The Carroll Sentinel from Carroll, Iowa on April 20, 1894 · Page 10
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The Carroll Sentinel from Carroll, Iowa · Page 10

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Friday, April 20, 1894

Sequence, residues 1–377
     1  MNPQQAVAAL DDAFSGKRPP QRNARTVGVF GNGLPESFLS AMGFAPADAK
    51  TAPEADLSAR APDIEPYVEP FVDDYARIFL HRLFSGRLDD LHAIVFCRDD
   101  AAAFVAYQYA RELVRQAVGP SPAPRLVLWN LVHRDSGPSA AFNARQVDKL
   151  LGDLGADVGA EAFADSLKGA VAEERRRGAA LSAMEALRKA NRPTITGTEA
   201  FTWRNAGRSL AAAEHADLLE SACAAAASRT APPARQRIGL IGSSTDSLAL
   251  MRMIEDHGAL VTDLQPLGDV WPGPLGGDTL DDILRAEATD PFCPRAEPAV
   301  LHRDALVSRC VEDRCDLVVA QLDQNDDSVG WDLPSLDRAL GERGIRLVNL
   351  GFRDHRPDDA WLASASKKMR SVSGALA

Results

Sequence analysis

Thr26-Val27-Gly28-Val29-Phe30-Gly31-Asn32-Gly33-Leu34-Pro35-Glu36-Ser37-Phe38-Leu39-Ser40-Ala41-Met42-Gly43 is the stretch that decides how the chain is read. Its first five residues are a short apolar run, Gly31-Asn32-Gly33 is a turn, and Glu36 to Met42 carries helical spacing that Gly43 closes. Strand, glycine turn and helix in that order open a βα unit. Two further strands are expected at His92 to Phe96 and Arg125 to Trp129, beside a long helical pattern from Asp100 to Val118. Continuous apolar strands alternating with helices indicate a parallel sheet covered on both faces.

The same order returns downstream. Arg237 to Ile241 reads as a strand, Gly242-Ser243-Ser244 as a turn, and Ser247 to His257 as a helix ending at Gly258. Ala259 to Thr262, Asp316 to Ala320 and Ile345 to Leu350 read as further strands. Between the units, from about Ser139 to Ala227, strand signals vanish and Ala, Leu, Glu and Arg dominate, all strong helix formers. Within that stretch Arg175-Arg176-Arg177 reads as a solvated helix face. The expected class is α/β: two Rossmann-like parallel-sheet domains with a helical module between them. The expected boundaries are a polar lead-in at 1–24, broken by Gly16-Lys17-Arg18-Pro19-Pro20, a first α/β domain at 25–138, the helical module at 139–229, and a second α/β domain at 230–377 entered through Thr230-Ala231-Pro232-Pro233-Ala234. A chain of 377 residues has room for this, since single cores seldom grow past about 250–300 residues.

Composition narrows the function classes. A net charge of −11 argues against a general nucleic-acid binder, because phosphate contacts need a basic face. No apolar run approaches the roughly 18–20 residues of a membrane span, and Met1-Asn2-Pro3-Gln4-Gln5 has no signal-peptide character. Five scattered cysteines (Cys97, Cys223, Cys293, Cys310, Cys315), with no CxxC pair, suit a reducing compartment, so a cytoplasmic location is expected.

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— AT- 'S WHtLlfl OT7JR, STOCK LASTS —• WE WIIili SKI.Ii — 6 ft. Ash Extended Tables $3.80 8 ft " " " 5.00 Hard wood Chamber Sets 12.50 4 Spindle wood Chairs, per Bet.... 2.50 Bair'We must reduce nnr stock and these prices surely ought to do it. H. C. STEVENS & SON. MAPLE GROVE i BREEDING FARM Short born cattle and Poland Oblna hogi. By Young Stock for Sale. Carroll IB. Wm, LYNCH, JUSTICE OF THE PEACE. ABSTRACT, LOAN A*° LAND OFFICE 1 have a complete set of abstract n of Carroll County. All business will be attendee) to prompt- 17. PUBLISHER OR " Dailv Report of Transfers. " Office, three doors south of post office, upstair! WM. LYNCH, Carroll. IOWB. ELECTRIC fELEPHONE Bold outright, no rent, no royalty. Adapted » City, Village or Country. Needed in every lome, shop, store nnd office. Greatest convenience nnd best leller on Ajren«* miiko from M to WO per du. One in n residence meani a sale to all the neighbors. Fin* instruments, no toys, worki *-jre, any distance. Complete, rendy for m shipped. Can be put np by any one. intof order, no repairing, lasts a life time. Warranted. A money -*- -"- W.P.HirrlMnaCo.,Clerk1i anywhere, use when never 01 Steun.tt. .. Writs umbut.O READ BY THE BEST PEOPLE Intelligence the Only Requisite for Appreciation. Times IS CONDUCTED AS A COMPLETE ALL-AROUND NEWSPAPER. Cleanliness, Clearness, Conciseness Characterize If« Pages. SPEAKING ABOUT NEWS, It has the complete telegraphic service of the Associated Press, in addition to its regular staff of out-of-town correspondents. Its market reports give the most complete details of any weekly paper in the United States. It is a mine of literary wealty. It contains the latest stories from the pens of the most noted authors, biographical sketches of the most prominent men, the best wit of the day, scientific and religious discussions, in addition to the full news report of the week, and the best agricultural department of any weekly connected with a daily in the world. It must be seen to be appreciated. Send for sample copy. We have made arrangements with this great paper to give it ABSOLUTELY FREE with each yearly subscription SYNOPSIS: Andrew Kllgout la Involved In a bitter feud with Ills pure proud cousin Peter Cleplmne Their Ueroe buttles of almost dally occurrnnce are tbe talk of tbe university nt Edinburgh where ther are students. To Andrew's dismay his father decides to take him from soliuol am put him at law In the office of Thomas Cleplmne the father of Pe<er. Tbe Kllgour estate, Kll burnle, Is hopelessly In debt, and Andrew Is ex pected to redeem the fanillvforunes. CHAPTKB H-On the wny home to explain mat ters, heencounters a specimen of tlie hog family and calls him by his proper name, CBAFTKR III—The hog proves to be Thomns Clephane, his uncle, and the lawplnnls quick ly disposed of. Opportunely a wealthy neUili cor of Kllgour's, who Is an ex-oQlclnl of India, suggests that country as a Held for a young fortune seeker. CHAPTKR IV— Andrew meets Sir Thomas daughter Isabel and la charmed at sight. She adds her entreaties to Sir Thomas' advice that Andrew go to India, nhen she learns that his principal business for a time will be to search for his long lost brother Donald. CHAPTER T—At Bombay Andrew makeF friends among the British merchants and Is offered a pleasure trip to Jedda on an Bast India trader. CHAPTER VI—The ship Is dismantled by a waterspout and deserted by her crew, Andrew Is left helpless In his berth from fever. CHAPTKR VII—The weather clears, the ship floats on the broad ocean, and Andrews's fever leaven him. CHAPTERS TUT, IX and X—An Arab la encountered lo a rowboat and taken aboard. He proves a medlesome companion, but teaches Andrew the Arabic tongue and also fencing. CHAPTERS XI and XII-The Arab Is Joined by a band of his fellow pirates. Andrew kills bis betrayer, but the derelict Is plundered and Andrew taken off a captive. CHAPTER Xin. IN THE HANDS OF THE PIRATES. Immediately on boarding the Arab vessel we hove up anchor, set sails anil flew away to -sea, with a smart breeze on our port quarter. The ship was a queer one, but it was soon proved that, however odd in appearance, she was an uncommonly swift and graceful sailor. She carried three masts, lateen sails and a jib. The fore and mainmasts were without tops or topgallants, and of course without caps or crosstrees. The long, slender hull was jet black, seemed to shake herself with vexation, like a hiphly spirited horse thrown on its haunches without reason, turned quickly half round, caught the wind again, nnd then, with her yellow wings spread to their utmost, went skimming along like a sea bird. It was now well on in the afternoon. The sun, though scorchingly hot, was near, our level, and the water was deepening in purple and crimson. I was beginning to think we were to have a night at sea, when the captain gave the order to put the helm hard down. We swung round and sped on n landward course, sailing free and very swift. ' "We shall make land a good hour ere sundown," said the captain to his chief officer, giving me the first authentic information of the day. By this time, my faculty of curiosity had lost its edge, but at the mention of land I sat up to keep a lookout, and In less than an hour we sighted the shore. Its general character resembled that of the part we had left earlier In the day, though I soon saw we were not returning to the death scene of the luckless Bird of Paradise. Instead of a shallow beach the water ran close to high rocks, penetrated by rugged gorges, into which the sea flowed. No port, town or human habitation was to be seen. But that, all things considered, was not surprising. 'o shot into a narrow opening under the darkening brows of lofty cliffs, and immediately the sails fell together with a flap. Almost before they ceased fluttering they were in and furled. Then a boat was lowered, half a dozen steel sinewed men got nto it and rowed, pulling tbe ship by a cable. Light and of small draft, she fol- owed easily, and In half an hour or so, after manifold windings, we came to a rude etty hewn, as it appeared, out of the solid rock. Here we disembarked, the vessel bong made fast to a rough stone pillar. As we leaped from the bulwarks to the knocked violently together. Hie fearful moment 1 had been anticipating had come. They bandaged my eyes and bound my hands to my sides, and thus made helpless, left me standing. I shut my lips tight and my eyes also, although they were covered, and awaited the fatal thrust and giddy whirl into space. Not a word was spoken. I heard the rustle of garments and the rattle of arms, and away below the sullen, muffled voice of the sea, but other sound there was none. The ill bodingsilenoe was more terrifying than the menacing tongues of a hundred enemies. It was the very extremity of torture to have my captors make their arrangements for disposing of me with such stealthy secrecy. In the crowding fenrs and agitations the idea flashed upon me that they meant not only to slay but to torture me. I thought of all I had read about living men being flayed and out into bits by savages, and my flesh crept and shrank an it at the touch of the knife. It was only by keeping teeth and lips clinched that I managed to hold from venting my agony In shrieks. To my great astonishment and unutterable relief, the procession began to move on again, I being given the muzzle of a musket (o direct my steps. Bruised, cut, bleed- and, what was strangest of all, the upper ... deck was sharply convex, with level grat- I le<J K es of ro °k that formed the pier my ings running round the sides. The convex- I heart beat P. ul ckly with conjecture and ap- paid in advance, advantage of it. This offer is open but a short time. Take Address CARROLL SENTINEL, Carroll, Iowa. BOTH PAPERS FOR $2 Page Woven Wire Fence The Page Fence being made from coiled spring wire, readily adapts itself to all changes of temperature and still retains its tension. It is a smooth fence that will turn all kinds of stock without injury. It is manufactured in styles adopted to all kinds of fence for city and country I also handle the Lewis Combination Force Pump and Spraying outfit. The best is always the cheapest. For further particulars, call on or address C. M. MOHLER, Carroll, Iowa. Office with Duncan & E. A Portor, yitddon, la. j H, Lampe, Arcadia, la.; w»lterscbol<l Bros,, Halbnr, la, LAND, LAND, LAND In Southern Nebraska In Central Nebraska In Southern Minnesota In {Northern Iowa 2O.OOO ACRES 0\j Of Railroad aart Private Lands, ranging in price from 87 to 816 acre iu Nebraska, $10 to $15 in Minnesota, and 815 to 82J in Nern lown. Only a emnll oseb payment; required, balance time at low rate of interest, E. M. FUNK, Carroll, Iowa, loug P9 Y 9V KilPJrr IN THE HOUSE ? - KILLER B1 • iMHHBHBBBHHBMHHi <WIII Cure Cramps, Colic, Cholera- Morbut and all Bowel Complaints. m<m,»t>« MO* «»« H.OO A BOTTLE, - t- Ity, as I afterward discovered, was meant to make a ready way for water to the scrup- pers, or in times of stress for blood, while the gratings, by obviating the slant, made the footing firm, a matter of importance in storm or action. She carried no colors, nor did any inscription, such as ships usually bear, give a hint of her port or nationality. Finally, though light, she was well armed. [The vessel was the dreaded Xebec, the terror of the high seas when Algerine corsairs flourished, and still of evil repute on the coasts of Arabia.] Every stitch of her ocherous canvas was crowded on, and beautifully she swept along, keeling and dipping under the bellying sails, the bright green water swishing from her gleaming sides and the snowdrift flying from her fore foot in a way that would have made pleasure seekers dance for joy. Even I felt the gladness of the '•asking, arrowy motion, though, on the hole, the speed was more ominous than plring, seeing what a doubtful dance :l\*< end the trip. 1 'lie strain of dark uncertainty was some- iit relieved by the diversion of studying • crew, who were a living epitome of the <ious, past and current, of pretty nearly all the nations of the earth. Probably no company of equal size ever displayed a like variety of costumes. Assuredly none could b? on more distant terms with tailor and laundress. It was impossible to say which gave tbe greater distinction—the diversity, the dirt or the tatters. There were Arab shirts reaching to the ankle, Indian turbans, Syrian combuzes, European jerkins, top boots, jerseys, hats and frock coats, Persian gowns, breeches of all known cuts and countries in every de- free of foulness, in every stage of decay and raggedness—all jumbled together as if some mallclotis artist bad trjed what effects of incongruity and grotesqueness, what outrages on taste and decency, he was capable of achieving. The captain, as the chief personage on board, was naturally the most conspicuous example of tbe rldiqiiiOBs. He was elaborately arroyett 1ft a'steoplebeaver, strongly suggestive of the defunct missionary in spite of its jaunty ostrich plume and tarnished silver band; a course woolen shirt, Bigeared like a hog in luUuuip; a leathern girdle, from which depended a sword, n brace of pistols nnd a croaked dagger full of significant purple stains; Turkish trousers that hud originally been crimson, but were now of, nioro hues than the maker of Joseph's ooat oVuk 1 dreamed of| a pair of red boots, that must once have shwl their Bplcndr,r on state assemblies und gatherings o'i grandees, aud sashes enough of va rtoii.fi colorn to furnish a regiment of Blic-ika. r x'ho decorations were thick cat in tho rear, indeed when the gallant captain turned his back it might seem ho was clad in porous plasters patched with canvas nteepu<l \u pitch, so heavy were tho incrustations uf tar, greai>o, paint nnd other aillieslvu substances. No senie of nlrnurdlty, however, disturbed Ills serene self consequence. Hu paced the deck with as proud ustep, us high and keen a look, us if ho were an ml ml ml of the fleet in faultless uniform and tho evidence of a hundred victories blazing on his breast, seldom coud^coiuUng to uuy familiarity with flioso about htm, novor with me, huddled in mf corner. We tore along at an Incredible rato and were soon beyond sight of laud, though for /A good while the smoke of tho burning brig showed our starting point. Whither we were bound I could not guettn und durst uot aak, I wag free to conjecture, if I pleased, that our coursowoa for some happy baven uot fur off, though appearances ruther nugyestwl wo \vcro scouring the sen for piny. By und by we hauled our wind aud began to fetch lu a backward direction. But wo bad not gone u league when wo bounded off on auothur tuck, uud for tho next hour or two wo tucked and uhungud BO frequently, running close hauled as If forour lives and dropping off us if In sheer perversity, that I completely lout my reckoning. It won wonderful how that Htrunguly built ship behaved, how uuuxltlvo slio wua to Iho gt'iitlo*it piwiuroof UJD helm, how clean, quick und graceful wero all her uiovuuieuU uud how she rushed on her ooumo when slio got her huad. lu unite of rather rough Buaiuuuxhlp, only once did uho lUttke u mistake. Through u too hu*ty luff nhe happened to come dead into the wind'* oy«, aud for the npuoe of a uuooud uhe huua lu iroun with looso BalLtL Situ prehension, for it was plain that a crisis was at hand. To guess what it might be was enough to make the stoutest tremble. The black precipices, the yawning caverns and hoarse roar of warring waters were of evil suggestion, but of far darker Import than any menace or ugliness of nature were the lowering faces of my companions. These men had shown during the day by a hundred expressive tokens that they resented my presence among them, and now I fancied I caught them casting sidelong looks at'one another, then at their weapons, then at me, as if settling by such glances of Intelligence the manner of getting rid of me. With quaking limbs and the worst forebodings I fell into line at the bidding of the captain, and we struck, single file, into a craggy path, at its best no broader than a sheep run in the highlands and in places so narrow as scarcely to afford foothold for a weasel Looking upward from the bottom one could not imagine how It scaled the darkening precipices that frowned upon us in vast swellings aud juttings with the savage, solitary pride of the inaccessible. If the ascent did not prove utterly impossible, it was because every man of us had the feet Of a goat and tbe sinews aud agility of a monkey. ' Our ribbon of a path wound in crazy coil- ings and twistings, now rising vertically in iteps higher than our heads, now dropping treacherously at a critical point, ceasing suddenly and again appearing beyond some perilous projection that a chamois would mrdly have attempted to pass. Often we lad to go on our hands and knees, scraping with toes and clutching with finger nails is we crawled over some slippery mass, like ants on the polished knob of a glacier, or scrambled up a jagged rock, the point of which cut aud rent like sharpened flints, or slid down, face inward, twice our own ength to a scarcely perceptible crevice, forming a fresh starting point. I wait a hunter and knew what it was to ffead dizzy ways. I had followed the fox :o his lair when the hounds had turned bail and robbed the eagle's eyrie when the hardiest of my companions stood holding Ills breath in awe. But the self possession and free npirlt of audacity which prompted to such hazards aud gave tllem relish were utterly gone. To speak the truth I shivered like one s«ddenj\- ijken with an ague. It was not the terror of the place alone thai appalled me. To go leaping aud scrambling oft a hair Hue ulong tho brink of tumbling, hissing gulf that sent the spumim of KB wrath high up in clouds, with no outlook or hope of escape, was indeed disconcerting enough, yut scarcely nf itself suflicient to take thu heart out of u born mountaineer. Tlio tremors and shakings, the alternate BpufitiiH of heat and cold, were due—I trust it is not cowardly to confess It—not to thu threuteiiinga of cliff and ehuHin, but to tho hostile weapons that gleamed in front and rear und might at any moment bo dyed in my blood. How easy it would bo to prod me tljerii und bt-nd mu toppling mortally wounded into tho abyss, to be ground us between ml list onus at thobottovil A sudden stub in thu buck, a push, a giddy, headlong full, and thu ileud would lie done, and no word of It need over gut to thu outside world. More than once, us my mind dwell on this, I clung to the rocks shuddering like a child in mortal fright. The grewsomenesi* of the Bitnatlon was enhunccxl, too, by the t'erio shadow of light. Here uud there butlrew and jutting promontory flushed into rose und uhonu iu gold und amethyst, hut theuu points of rudluuco only gave u hideous einphuuls to tho prevailing gloom of tho gorge. They were like thu ghastly mockeries of a world I hud onco kuowu, but wus nuver to know again. Iain no jnilgu uf how long or bow far wo hud struggle*! when upon turning a sharp unglt) we cuine upon an open space, or circular ledge of the illinunslons of a small room. Here wo btoppud, our sides keuviug like the flunks of u spout hound, aud Uiu best of us glad to broulliu himself. Whether by accident or the unsuspected design of thoue about me, I stood ou tho outer rim, tho very edge of the wull thut fell 50 fathoms sheer, thusurging, unsounded (lupths lieneatli. Under thut unaccountable specie* of fascination which lurea it muu to gazu 011 tho horrible uud awful, I bent forward uud looked into the black pit At my foot. With » swimming head 1 drew back to feel myself sel*ud roughly from behind. An icy uuiisatlou thrilled through wo, | guvu u KY«ut gasp, uo4 uiy kueen / was given the mwzle of a musket to direct my steps. Ing and panting with fear and fatigue, I •tumbled, often causing my guide to curse savagely and threaten to pitch me head foremost down the cliff. I could not help thinking that if he were blindfolded he might go just as clumsily, though I had to keep the opinion guardedly behind my teeth. Presently there was another brief halt, and I could hear the Arabs in whispered consultation. Then I knew that part of the company went one way and part an other, I sticking to my gun barrel as if ^ the free play of the air that at last we had reached the top. I had hardly time to wonder what was coming next when one of my guards spoke. "We wish to be rid of thee," he said bluntly. "Listen well to my words, for they concern thy very life. While we were yet far down the gulf, some said, 'Cut him in two' and cast • him to the fishes. Others—and well for thee they prevailed— answered 'No, rather let him live if so be he go not to come back. If he return, then shall his blood ba upon his own head.' Now we are merciful. We will lead thee to a place of safety some distance hence and there leave thee. Only if for the space of one hour thou triest to free thine eyes from their covering, then as surely as thou dost it thou ahalt dio ere thou hast time to look twice." Without waiting for a word from me he gave the order, and we went on again. The ground was broken and uneven, but after the pit sides we had climbed it was like the queen's highway. j.ue aisclpies ot ileus nave a pretty doctrine about arming "the obdurate beast with stubborn patience, as with triple steel." I hope they are able to do it in cru cial emergencies. To me, seek it as I might, tho stubborn patience would not come. In vain I pricked the will, in vain recalled lofty maxims about the duty of bearing pain heroically. It is glorious to •bine as a hero, but at times exceedingly difficult. I ciiniiot'iie of the godlike race, for the harder I strove for fortitude the faster my power of endurance ebbed. I started and fidgeted, listened, held my breath, shivered, shrank together and per- ipired; the air was full of ominous Bounds, Hald Achmet briefly related tlio oircum- itances of our meeting, and his reasons for taking ma lu and giving me clothes. "Thou art a man of honor, Said Achmet," observed the governor, "but thy pity hath blinded thea. Dost thou know aught else of him?" Said Achraetlh a few sentences repeated tho tale of misfortune I had told him, Abou Kuram listening with evident irritation and contempt. "I doubt nob ho bad trouble in getting fclthur," said the governor, "and the reason for his coming may bo judged by his readiness to endure (lungers and hardships. Thlnkcst thou it wns for sport he encountered thosu perils by sea and laudf In spite of thy years and thy wanderings, thou art but a babe, Suld Achmt-t. A feigning tongue imposeUi on Ihee, and thou art moved by tlio woo of the deceitful. Hast thou never yet leurneil that words aro easy us.tliu wind and often as false? This fellow Ijiilii uomu to spy, and tho wages of thu spy uro death. Thou nmytil go In freedom, Huiil Aulimet, but another tlino see thou let nut thy comjmuslmi niaku a fool of thy judgment. Muthliiks it Is time tbou wcrt learning to discern botwueu friend and foe." Said Achmet, aguln bowing profoundly, retired \vllliuut u word. Aa ho went out our cyi.a met for a moment, and the look ho gavo mo wns full of sorrow and pity. It was but a glance, yet it expronsuil nioro eloquently than would bo possible in words the conviction that 1 was lost and hlu grief ttt being uuuble to mivo me, or even so muub us Lolp. "Is there any ouo eluo to speak In Ula fu- Tor?" UeiuuuiluU Abou Kunua in a loud volcu. Tho cfuwd uwuyliig violently craned lUneek for uu answer. Nouo camo, and the Kuveniur turned to me. "Thou canst not bo old," ho mild, surveying mo for tho fiftieth time. "Thy faco hath Ibo bloom uud cumullnusa of youth, yet ulreitdy thlno nets reek with iniquity; yuu, they aro as carrion to Iho uobtrlls. In what school thou liiut learned thy uuilo uud how thou hunt tho heart to practice It, 1 know nut, but iliuu art u mutch fur tho huuiieut headed Iraniiurcusur alive. Wo Lttvo had borne of thy kind hero lately, und they did not return to. tho placo whauco they ctimu. Thou liust heard tliu tulu uf thlijo iniquities. What thlnkesl thou U ihvduol'" Before I ciould glvo uny opinion lu the matter— Indeed my tonijne wua uot lit all ready—ouo of tho men twitted by Abou Kurum uu thu right Interpolated: "A iiewlless (juesUon, uiy lord. Cast him to the dogs and let) thetn tear Then let hto Rnawed head be petcl the topmost tower as A watnltitf Id i and other malefactors." He was a leather faced rascal, deep set eyes, very close togethei', mouth and jaws of a bloodhound and shifting, sinister expression of the hyei There are bnvve and elegant Kehtleflif adventurous fireside heroes, who can 91 pose of the fear of death in an epfgrant 1. Unluckily for myself, I am not so happily constituted, nnd it was with n sudden gasp and throb of terror that I now turned to the minister. The hnto of hell Was In hl» lowering, fcmoticnl face—the spirit that, «. makes the Moslem n fiend In the fray, thafena impels him to cut out an enemy's living; "'* heart and stamp its quivering life undefr foot, that iu jealousy, anger, revenge of-, statecraft makes him subtle, crattjr, roth- VJ4 less, diabolic, an instigator of foul deedguj '' a secret assassin or an open murderer, as, tho occasion may require. Such a spirit gleamed sullenly from every lineament of the minister's cruel and repulsive visage, , Crouching there, his haud upon his, crooked sword, he watched mo as if he fain, would spring forward and cleave me on the, spot. His hideous countenance and glitter*'. ing eyes fascinated me as the serpent fasct-' nates the fluttering bird it is about to de-* " stroy. My tongue was frozen. With a- tingling sense of innocence and wrong In every atom of niy- being I-could not utter a. word in self defense or vindication. 1 could do nothing but gaze enchanted upon th» devil which had so suddenly confronted me in the form of a man. Fortunately Abou Kuram had thoughts and a mind of his own. He made no reply to the minister's suggestion. Perhaps, being human, he' pitied me in spite of my bad character, for I must have presented a pic- ' ture of utter distress; perhaps after the • fashion of the great he loved the idea of absolute power. At any rate, be made a diversion, which set my heart leaping with, tumultuous hope. A small thing you will generally notice is of great effect in an ejfii'v \ tremity. ^jf 1 -' "What is that instrument on which tho5"r, madest music?" he asked. "Nay, rather,". ;i| he added quickly, "on which thou madest' witches and genii screech." With palpitating haste'I answered it wa». named a bagpipe in my country, that It put the spirit of victory into warriors and. the fleetness of fear into the heels of their enemies. . "I said it was the scream of demons," he remarked, with-a chuckle. Then suddenly his expression became one of deep thought; he* seemed to be trying to recollect something. "I have it; I H|ve it," he cried, sitting up with a beam of intelligence. "In, thy country are the men naked about the' legs?" tly, my lord," I answered in aston- ,ent. "They have been to Egypt,, have they' not?" he said eagerly. "To Cairo, Alexandria—they liave looked on the desert and, sniffed its sands. They have likewise been • to India. They have pulled down princes,,: established empires, uprooted ancient lawn* and made new ones, said prayers in a'ii strange tongue tha'^typ man could understand and 'gone to battle with great cries. Have they not done all'this?" ; "My lord speaketh the truth," "I said, more and more amazed. '""': "They are called"— He pressed his brow ; as n man will to aid his memory. "Highlanders," I shouted, besii with excitement. "Nuy, nay, not that. That is not it, I will remember; yea, I have it. Dost thou not recall the talo of thut Egyptian?" turn- ingtohisminister." 'NukedScottishdevils' —that was it. They leap like lions and roar like bulls of Boshan; yea, they have the* voice of the wild ASK, und their tread is like-' an army of horsemen that maketh the-fe. tarth to tremble." "My lord is right again," I cried. "Wert thou naked when Said Achmet took thee in?" he asked. "No, niy lord." He seemed disappointed at this, but his ' face light d up again as ho said: "At any rate thou .hast the screeching demons with thee. • Wo have leisure this morning. Thou shaft give us some of thu *r- .warmusi of thy laud." ^^l "If my lord will cause room to be made for me," I'sjiid joyously. "Cause room to bo made for theel Why,•' dost thou swell with, playing?" "Nay, r y lord, but the piper must walk' to and fro to play well." ' "Thou callest thyself a piper. I have heard of the company of prophets with pipe and tabret. Perchance we shall hav« thee prophesying." Saying this, he waved ~ bis hand with a laugh as a signal to tbe soldiers to clear a space. "Make room," he called. "Hearken to • •. the music that putteth courage in the hearts of the naked Scottish devils." The next instant the wondering people •were being hustled back, and the pi pen v wero squealing in the process of tuning up. You may bo sure that if ever piper played with all tho zeal aud nldll that were in him it was then. Tho coiisolousueKp of the- great prize at fit;ike was dilt'iiKed like an electric current through lips and lungs und fingers, through head aud feut and all tuut lay between, giving fiery energy and ardor to both thuBoul uud body of tho performer, Yet In spite of this earnestness and. the acute sense of momentous issues'htt»K' Ing in the balance, I could not help being tickled by the liidlcrousness of the situation. Very absurd it was to me, no Arabia garb, a highlumler In feeling, to go sailing about in flowing nklrtB, bursting mj cheeks for thu favorable verdict of j« ' ^ who hud never seen or hoard u bagpipe™ their lives, who did not know one tun«' or note from another, aud who would be I quite likely to ducldu with overwhelming unanimity thut all my merits were fault* • aud all my faults merits, and who were prejudiced and Incensed against mo. It was like putting Harlequin ou a trial of skill before a man who hud never geea a play, who dotustuil the thoater and its traditions, uud above all ferveiitlv hated the • performer. Yut 1 gave them tho musla Qf my mitlve hills with all my might—all the. > marches, strathspeys, reals, ptbroolu, ooiv , beside myself ^k'niiituuwuua d./i.., it. i t.